Now when you do this sort of thing, you still have to test your relationship with the real database or web site or whatever you’re talking with. Whatever conversation you’ve made up with your Mocks, you must replicate and test with the real thing. This is part of why we never went that way. It seemed like redundant effort and it seemed like it would engender more complex conversations just because it would be easier to do them.2

Across an interface

The examples above go across an interface, but our motivation in doing the Mocks was to gain speed. Had the interface been incredibly fast, and had the objects on the other side belonged to us, we’d have tested them directly (and a London School person probably would not).

There are times when the code we’re talking to is plenty fast, but we don’t own it. Software libraries of all kinds are like that. (They’re a bit more rare in Smalltalk, because you generally have the source code and you might well start treating the thing as your own.) Often, the code we’re talking to, since it is made up of objects, has an “API” consisting of the public classes and methods one can talk with.

Especially when the library code isn’t ours and is updated externally, we find it useful to write tests against it. Then we can run those tests when we get a new library, and have fair confidence that the new version will work. Now, as I recall these situations, we didn’t often mock the external thing: we just tested it. But sometimes we wanted to communicate, to ourselves or the vendor, just what we expected the external code to do. In that case, we might write a mock library, returning “good” results. That would let us test our code to be sure it works when the library works, and it would let us send those tests to the provider of the external stuff, so that, hopefully, they wouldn’t send us libraries that didn’t work.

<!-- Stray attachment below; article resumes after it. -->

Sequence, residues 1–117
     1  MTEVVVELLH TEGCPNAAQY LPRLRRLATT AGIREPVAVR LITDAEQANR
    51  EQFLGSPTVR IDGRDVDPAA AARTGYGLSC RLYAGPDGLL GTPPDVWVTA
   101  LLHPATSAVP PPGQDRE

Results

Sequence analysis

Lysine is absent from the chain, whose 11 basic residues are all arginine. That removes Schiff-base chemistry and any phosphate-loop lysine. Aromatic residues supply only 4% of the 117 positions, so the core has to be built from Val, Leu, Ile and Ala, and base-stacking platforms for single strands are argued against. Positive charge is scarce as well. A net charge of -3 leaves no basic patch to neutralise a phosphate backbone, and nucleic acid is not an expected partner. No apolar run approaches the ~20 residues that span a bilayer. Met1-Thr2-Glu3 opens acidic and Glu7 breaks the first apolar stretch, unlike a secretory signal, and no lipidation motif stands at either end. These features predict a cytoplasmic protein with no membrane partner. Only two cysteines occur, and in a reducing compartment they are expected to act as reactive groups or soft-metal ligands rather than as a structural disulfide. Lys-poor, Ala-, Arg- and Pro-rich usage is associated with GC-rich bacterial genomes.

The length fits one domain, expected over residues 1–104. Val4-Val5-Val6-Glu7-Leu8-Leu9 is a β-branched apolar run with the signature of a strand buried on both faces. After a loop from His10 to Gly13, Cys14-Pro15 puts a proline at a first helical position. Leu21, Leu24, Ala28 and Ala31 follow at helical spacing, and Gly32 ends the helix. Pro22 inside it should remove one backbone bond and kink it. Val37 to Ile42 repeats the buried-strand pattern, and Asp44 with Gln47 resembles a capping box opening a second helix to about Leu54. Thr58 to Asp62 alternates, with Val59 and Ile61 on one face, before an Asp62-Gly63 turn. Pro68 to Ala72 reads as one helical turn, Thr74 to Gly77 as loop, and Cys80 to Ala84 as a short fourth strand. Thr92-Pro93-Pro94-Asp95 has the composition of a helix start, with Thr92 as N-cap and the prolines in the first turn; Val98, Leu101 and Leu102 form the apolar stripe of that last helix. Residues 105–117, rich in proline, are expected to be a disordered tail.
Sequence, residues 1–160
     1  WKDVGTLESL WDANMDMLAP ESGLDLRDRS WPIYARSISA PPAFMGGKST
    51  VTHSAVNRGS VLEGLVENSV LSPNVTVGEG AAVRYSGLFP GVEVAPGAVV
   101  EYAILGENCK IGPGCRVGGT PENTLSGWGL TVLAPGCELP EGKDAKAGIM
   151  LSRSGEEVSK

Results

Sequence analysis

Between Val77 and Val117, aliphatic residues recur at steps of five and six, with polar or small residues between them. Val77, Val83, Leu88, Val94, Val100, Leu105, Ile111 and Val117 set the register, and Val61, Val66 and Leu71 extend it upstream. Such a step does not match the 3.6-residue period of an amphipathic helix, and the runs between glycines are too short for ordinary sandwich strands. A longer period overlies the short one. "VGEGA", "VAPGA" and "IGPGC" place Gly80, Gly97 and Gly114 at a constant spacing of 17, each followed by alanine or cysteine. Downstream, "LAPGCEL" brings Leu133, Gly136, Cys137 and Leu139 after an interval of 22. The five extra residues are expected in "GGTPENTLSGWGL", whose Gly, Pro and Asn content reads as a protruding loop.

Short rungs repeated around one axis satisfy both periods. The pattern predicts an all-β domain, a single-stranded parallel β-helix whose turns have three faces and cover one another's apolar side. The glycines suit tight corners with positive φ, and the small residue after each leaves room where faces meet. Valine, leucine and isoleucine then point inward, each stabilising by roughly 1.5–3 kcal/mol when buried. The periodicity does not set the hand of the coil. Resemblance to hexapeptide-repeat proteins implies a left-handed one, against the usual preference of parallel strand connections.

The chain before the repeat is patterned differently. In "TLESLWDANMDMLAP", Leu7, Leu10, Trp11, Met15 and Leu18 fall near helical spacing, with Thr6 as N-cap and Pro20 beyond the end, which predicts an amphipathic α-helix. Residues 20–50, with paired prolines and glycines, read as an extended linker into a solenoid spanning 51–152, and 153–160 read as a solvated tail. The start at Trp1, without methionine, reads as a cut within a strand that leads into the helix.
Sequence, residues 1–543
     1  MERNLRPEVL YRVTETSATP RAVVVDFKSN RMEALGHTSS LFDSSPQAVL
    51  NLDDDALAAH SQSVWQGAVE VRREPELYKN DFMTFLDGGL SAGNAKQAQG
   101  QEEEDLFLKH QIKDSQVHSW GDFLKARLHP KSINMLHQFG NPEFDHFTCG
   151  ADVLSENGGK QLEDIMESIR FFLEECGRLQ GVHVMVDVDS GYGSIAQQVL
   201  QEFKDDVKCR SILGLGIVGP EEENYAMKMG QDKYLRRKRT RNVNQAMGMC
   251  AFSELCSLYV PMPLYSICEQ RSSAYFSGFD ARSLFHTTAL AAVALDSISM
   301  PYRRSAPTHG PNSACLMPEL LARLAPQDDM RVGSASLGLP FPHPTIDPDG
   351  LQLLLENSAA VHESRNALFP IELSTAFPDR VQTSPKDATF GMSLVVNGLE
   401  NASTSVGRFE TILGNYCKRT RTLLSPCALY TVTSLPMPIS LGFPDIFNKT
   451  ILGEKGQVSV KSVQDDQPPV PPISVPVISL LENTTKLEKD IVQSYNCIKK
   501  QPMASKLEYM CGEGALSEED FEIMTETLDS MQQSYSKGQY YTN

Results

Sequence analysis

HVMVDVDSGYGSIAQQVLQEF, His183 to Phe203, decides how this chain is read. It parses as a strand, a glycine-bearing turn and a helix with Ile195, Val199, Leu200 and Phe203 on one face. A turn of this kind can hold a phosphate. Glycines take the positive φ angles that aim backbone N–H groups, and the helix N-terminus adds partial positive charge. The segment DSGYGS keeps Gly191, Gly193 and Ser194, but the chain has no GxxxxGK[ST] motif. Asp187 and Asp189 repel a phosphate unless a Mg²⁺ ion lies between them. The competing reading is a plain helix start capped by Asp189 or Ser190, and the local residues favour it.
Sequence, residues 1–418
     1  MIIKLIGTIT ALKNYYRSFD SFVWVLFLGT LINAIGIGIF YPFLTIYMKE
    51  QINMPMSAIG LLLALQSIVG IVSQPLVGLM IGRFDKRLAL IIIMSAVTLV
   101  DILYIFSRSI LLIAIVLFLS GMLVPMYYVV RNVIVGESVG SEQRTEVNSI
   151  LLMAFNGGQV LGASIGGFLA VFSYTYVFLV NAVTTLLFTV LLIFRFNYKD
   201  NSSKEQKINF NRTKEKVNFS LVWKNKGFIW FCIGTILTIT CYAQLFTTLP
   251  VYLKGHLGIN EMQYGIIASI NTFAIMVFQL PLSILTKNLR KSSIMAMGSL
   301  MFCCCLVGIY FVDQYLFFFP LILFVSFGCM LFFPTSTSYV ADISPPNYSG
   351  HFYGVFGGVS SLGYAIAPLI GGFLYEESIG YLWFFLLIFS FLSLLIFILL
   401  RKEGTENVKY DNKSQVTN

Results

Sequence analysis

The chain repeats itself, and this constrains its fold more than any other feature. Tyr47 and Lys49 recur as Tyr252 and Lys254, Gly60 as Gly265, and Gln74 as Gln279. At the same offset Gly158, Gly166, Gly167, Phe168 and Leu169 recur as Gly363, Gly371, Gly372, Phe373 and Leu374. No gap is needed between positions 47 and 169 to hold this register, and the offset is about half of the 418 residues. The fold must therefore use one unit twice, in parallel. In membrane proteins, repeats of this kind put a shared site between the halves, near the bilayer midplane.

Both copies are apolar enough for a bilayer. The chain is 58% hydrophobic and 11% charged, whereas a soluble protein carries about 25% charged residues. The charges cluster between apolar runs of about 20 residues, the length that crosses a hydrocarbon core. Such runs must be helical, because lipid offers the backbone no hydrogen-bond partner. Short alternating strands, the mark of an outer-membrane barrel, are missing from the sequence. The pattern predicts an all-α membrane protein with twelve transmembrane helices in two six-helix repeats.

We did this very very rarely, but a mocking tool could be good for this situation.

Architecture might push toward Mocks

What follows is quite speculative: it’s part of what I was thinking when I wrote the Tweets above. Do service-oriented architectures, more distributed architectures, make test doubles more valuable?

Note that when I do use test doubles, it seems to be when there’s an arm’s length relationship, in time or space or ownership, between “my code” and “some other code”. Systems today are built more and more as assemblies of OPC (Other People’s Code). Does building things this way lead us to need Mock objects more often?

If we’re using some distributed architecture, we may have a more extended conversation with some other part of the system, rather than a single call to find something out. We’re dealing with RESTful architecture, with the need to do optimistic or pessimistic locking, and so on.

Might such an architecture drive us to focus more on the conversation – the behavior – than we would in a more monolithic architecture? It would seem that it might.

Supporting this notion is the fact that a Smalltalk application is almost always a stand-alone, integrated set of objects, all of which belong to us, except for a few exceptional ones on the edges. That integration of a Smalltalk solution might allow us to concern ourselves less with ongoing conversations.

I’m far from sure of this. If there is some truth here, it causes me to wonder about the wisdom of building applications in a way that “requires” a lot of Mock objects. Such applications are surely more complex, even if somehow “easier” to build because of the ability to use things that already exist.

Bottom Line

There is none. This was just speculative musing. What do you think about the subject? How will these thoughts modify what you do?

  1. You may find references to a Chicago School of TDD. I have no idea what that might be. Could refer to Bob Martin, I suppose … he’s mostly Detroit in style, having learned TDD from Kent Beck, as the Detroit School did. 

  2. Note that this, too, is speculative and based in part on prejudice: if I were a wizard of Mocks, I might think differently. I would think differently: I might also reach different conclusions.